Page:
Ghost of Tsushima Review – A Gorgeous Tale Of Transformation

 

 
Overview
 

Genre: Open World Action
 
Rating: MA
 
Release Date: 17/07/2020
 
Overall
 
 
 
 
 
4/5


User Rating
2 total ratings

 

Positives


- Tsushima's environments are varied and gorgeous
- Narrative and characters are engaging
- Plenty of freedom of approach in combat
- Mythic Tales are absolutely fantastic

Negatives


- Open world is filled with repeated activities
- Some effects and animations aren't fantastic
- No lock-on targeting hurts the combat


Posted July 26, 2020 by

 
Full Article
 
 

It honestly feels a little bit weird writing this review, knowing that Ghost of Tsushima is likely the last major game PlayStation will ever release for the PlayStation 4. Partnered with The Last of Us Part II last month, it completes the one-two punch that is the swansong for the console ahead of the launch of the PlayStation 5. Much like how they opened the generation with InFamous Second Son, the first AAA first party game after the launch window, Sucker Punch is ending the generation with another massive open world game. While there are some systemic similarities between both games, Ghost of Tsushima goes far beyond what Second Son achieved early in the generation, building a beautiful world filled with unique characters, but somewhat rote side activities.

Ghost of Tsushima follows Lord Jin Sakai as he seeks to expel Mongol invaders from his home of Tsushima, an island between the Korean Peninsula and mainland Japan. Jin and his fellow samurai are initially routed by the Mongol forces, and he awakens in unfamiliar surrounds. Seemingly the only samurai to survive the battle, Jin immediately begins planning how to repel the invaders and save the people of Tsushima. What follows is a journey where Jin constantly re-evaluates his morals and the samurai code of honour he was raised with, as he begins to act in a way a samurai would consider dishonourable, such as assassinating enemies and using subterfuge, which is explored in the game’s narrative.

That narrative is one of the areas where Ghost of Tsushima truly excels. Early on, Jin is clearly conflicted with the actions he is forced to take, lest he be quickly killed and Tsushima left to drown in the blood of its people, but his character goes through clear and significant growth throughout the story, as he begins to understand the consequences of failure. Jin is supported by an interesting cast of characters, each of whom has their own clear character strengths and flaws. The deeper you get into the story and their quest lines, the deeper their characters get and the more you come to understand them. Many of the game’s major antagonists are multi-faceted in a satisfying way as well. You can understand so many of their motivations, and it makes them significantly stronger characters than they otherwise would have been. There are points where the story becoming legitimately touching and emotional, which is something I hadn’t expected going in.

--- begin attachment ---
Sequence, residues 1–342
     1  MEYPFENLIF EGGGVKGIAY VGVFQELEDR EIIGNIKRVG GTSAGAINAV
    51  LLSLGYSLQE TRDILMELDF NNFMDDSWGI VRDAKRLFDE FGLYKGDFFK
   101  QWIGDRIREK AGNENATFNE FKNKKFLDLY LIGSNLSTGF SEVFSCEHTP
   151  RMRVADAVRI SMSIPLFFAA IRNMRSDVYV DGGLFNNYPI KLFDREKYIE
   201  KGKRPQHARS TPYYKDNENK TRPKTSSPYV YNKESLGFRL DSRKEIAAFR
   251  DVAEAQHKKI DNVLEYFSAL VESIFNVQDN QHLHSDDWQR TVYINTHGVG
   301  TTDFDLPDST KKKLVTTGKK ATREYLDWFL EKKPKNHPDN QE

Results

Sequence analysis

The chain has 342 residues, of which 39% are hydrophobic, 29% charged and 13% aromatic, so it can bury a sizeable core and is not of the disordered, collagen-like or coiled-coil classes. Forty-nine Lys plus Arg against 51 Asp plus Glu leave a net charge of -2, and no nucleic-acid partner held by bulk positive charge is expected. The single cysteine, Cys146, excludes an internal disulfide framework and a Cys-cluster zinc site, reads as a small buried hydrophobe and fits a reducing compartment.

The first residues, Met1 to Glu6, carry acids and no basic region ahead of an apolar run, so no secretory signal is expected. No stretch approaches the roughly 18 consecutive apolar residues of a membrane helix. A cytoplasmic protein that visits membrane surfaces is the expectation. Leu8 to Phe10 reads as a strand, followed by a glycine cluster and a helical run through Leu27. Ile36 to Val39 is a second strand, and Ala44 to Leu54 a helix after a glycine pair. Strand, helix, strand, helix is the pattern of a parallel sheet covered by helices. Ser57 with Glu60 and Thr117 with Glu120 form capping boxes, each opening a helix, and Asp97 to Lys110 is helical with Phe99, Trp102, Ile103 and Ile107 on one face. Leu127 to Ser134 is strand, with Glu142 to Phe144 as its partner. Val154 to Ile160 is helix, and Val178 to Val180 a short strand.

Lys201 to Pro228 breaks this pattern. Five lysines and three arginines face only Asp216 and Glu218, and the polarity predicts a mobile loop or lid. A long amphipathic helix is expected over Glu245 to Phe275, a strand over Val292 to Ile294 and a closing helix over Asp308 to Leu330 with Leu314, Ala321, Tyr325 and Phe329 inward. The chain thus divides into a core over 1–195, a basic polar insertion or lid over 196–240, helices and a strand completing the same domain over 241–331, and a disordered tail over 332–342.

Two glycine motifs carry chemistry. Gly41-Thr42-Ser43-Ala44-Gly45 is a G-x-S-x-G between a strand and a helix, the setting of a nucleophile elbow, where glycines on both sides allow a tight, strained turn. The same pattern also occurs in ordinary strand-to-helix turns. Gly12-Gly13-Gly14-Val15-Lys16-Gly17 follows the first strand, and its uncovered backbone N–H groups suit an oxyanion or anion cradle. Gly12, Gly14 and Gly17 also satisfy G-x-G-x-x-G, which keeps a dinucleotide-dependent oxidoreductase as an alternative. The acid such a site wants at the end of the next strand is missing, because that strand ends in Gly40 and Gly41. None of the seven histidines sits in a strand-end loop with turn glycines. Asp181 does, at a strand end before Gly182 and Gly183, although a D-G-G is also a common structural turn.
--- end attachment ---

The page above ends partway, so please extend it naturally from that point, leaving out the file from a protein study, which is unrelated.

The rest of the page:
While you’ll spend a decent bit of time in cutscenes or conversations with Jin and his fellow cast members, most of your time will likely be spent exploring Tsushima. Tsushima is nothing short of gorgeous, putting most other games to shame. It’s colourful, highly detailed, filled with plants and places to explore, and the weather effects are absolutely fantastic. Paired with the game’s amazing photo mode, there’s no shortage of opportunities to take some fantastic environmental shots of the game. What’s contained within that beautiful world, however, isn’t quite as amazing.

This is where Ghost of Tsushima begins to really feel like your more standard open world game and nothing quite as special as early footage made it seem like it might be. Following birds and foxes to find hidden things seemed amazing at first, but it loses its magic once you follow your twentieth fox to an Inari Shrine. Following birds is a little better, given the activities they lead you to are a bit more varied, but thirty golden birds in, they’ve truly lost that special feeling. It’s this repetition that pulls some of the magic out of Tsushima’s open world, along with relatively slow methods of traversal and controls that feel pretty bad at points. I love a good open world, but Ghost of Tsushima feels like it would have been better served by having a smaller open area filled with much more unique content.

The one activity type you’ll find in the open world that truly feel fantastic to find are the game’s Mythic Tales. Mythic Tales are unique quests based on local legends, each with a powerful unique piece of gear or ability at the end, as well as multiple set pieces and unique encounters. They have their own special themes, both in terms of story, but also in combat encounters and colours, making each and every one of them different from the others. The abilities and gear you find are also incredibly useful (and completely missable), so they’re definitely worth hitting as soon you find one.